Wednesday, December 31, 2014

Happy New Year

Thanks very much to all the people who read my blog in 2014, followed it, commented on it, gave me encouragement and support!


I've been playing with adding beads to mignonette stitch. Whether these experiments will go anywhere I don't know. I saw a picture the other day of a bib necklace that might be something to aim for, but there would still be work needed. One thing I had to work out was getting from one row to the next. I didn't want to use two shuttles, so single shuttle split ring (SSSR) it was. How to add the bead to the SSSR so that it looked more or less the same as the other rings? I found it was best to add the bead from the shuttle thread, rather than having it on the back of the hand as in the other rings. There's a tiny bit of thread that shows, but it's the best solution I've found. I'm writing this down for the record so that I don't have to go through the same thought process again!

Tuesday, December 30, 2014

The Curve

I've been wanting to tat something from 'Tatting with Visual Patterns' by Mary Konior. I thought I'd start with the Spinning Wheel place mat, which is really a wide edging for a fabric circle. I wound my shuttle with Milford Holiday Red size 20 and followed the diagram. I did a few repeats and it seemed to me that the edging wasn't curving. How was it ever going to fit around a circular centre?
Then I remembered Muskaan's post about methods to make tatting curve. Shorten chains in strategic places was one tip. I shortened the chain between the repeats, ie the one that will lie alongside the fabric, from 4-4-4 to 4-4. Aha, it worked, thanks Muskaan.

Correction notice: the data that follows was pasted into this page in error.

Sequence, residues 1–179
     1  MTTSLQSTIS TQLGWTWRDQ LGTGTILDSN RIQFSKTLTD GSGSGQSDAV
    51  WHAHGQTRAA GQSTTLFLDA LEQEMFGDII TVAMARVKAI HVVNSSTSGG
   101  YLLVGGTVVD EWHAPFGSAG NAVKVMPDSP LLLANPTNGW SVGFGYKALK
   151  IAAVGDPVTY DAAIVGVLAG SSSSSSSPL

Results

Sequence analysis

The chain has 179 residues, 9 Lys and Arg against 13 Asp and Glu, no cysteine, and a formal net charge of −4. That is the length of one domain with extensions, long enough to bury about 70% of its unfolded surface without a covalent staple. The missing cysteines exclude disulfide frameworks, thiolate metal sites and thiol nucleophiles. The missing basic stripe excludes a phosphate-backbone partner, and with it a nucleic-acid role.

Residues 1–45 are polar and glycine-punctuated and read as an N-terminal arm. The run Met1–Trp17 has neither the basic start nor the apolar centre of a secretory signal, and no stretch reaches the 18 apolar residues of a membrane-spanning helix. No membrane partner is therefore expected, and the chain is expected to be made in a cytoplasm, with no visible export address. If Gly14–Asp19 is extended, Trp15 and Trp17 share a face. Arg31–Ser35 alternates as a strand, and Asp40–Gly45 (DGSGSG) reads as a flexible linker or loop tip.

Sunday, December 28, 2014


The necklace worked out much as I visualised. Here's a close up:

The thread is one of my charity shop finds. It doesn't have a brand label, but it has a sticker saying 54 random dye mink 21. I used Starlit shuttle. It's a little awkward to work with, but is big enough to fit a lot of beads comfortably. The Swarovski crystals were on the ball thread but most of  the seed beads were on the shuttle.

Tuesday, December 23, 2014

Just in Time

I've finished the sleeveless pullover for Jack's Christmas present. He doesn't know it's for him. When he asked what I was knitting I just said rather vaguely that I needed an easy project to work on alongside the Frost Flowers top.

To all those who celebrate Christmas, I hope yours is full of joy and happiness.

Monday, December 22, 2014

Frost Flowers Top

Well, it's done, Frost Flowers Top, from a pattern by Lankakomera that I found on Ravelry. I hope it fulfils all the criteria of the knitting competition - sleeveless, goes over the head, lacy but without long loops....The rules did say that a crochet edging was acceptable, but I felt that it looked unfinished, so I knitted a scallop edging for the neck. I used ladder stitch to sew the side seams and am pleased that they look more or less invisible:
Outside view.
And inside, where there is a slight ridge, but nothing too obtrusive. It will be months before the judging is done, but at least now I have done my bit.

Not Yet

I finished knitting the front of my Frost Flowers top yesterday. I thought I'd be able to show you the finished garment today, but finishing off always takes longer than I bargain for. The pattern said to finish the neck with single crochet, but I wasn't really happy with that. Instead I've picked up stitches and knitted an edging. I hope it's going to lie flat, I can't really tell until I've finished.  Once I've done the neck edging, I must sew in all the ends, block the pieces and sew the side seams. I've a way to go yet then.

Saturday, December 20, 2014

Delia Updated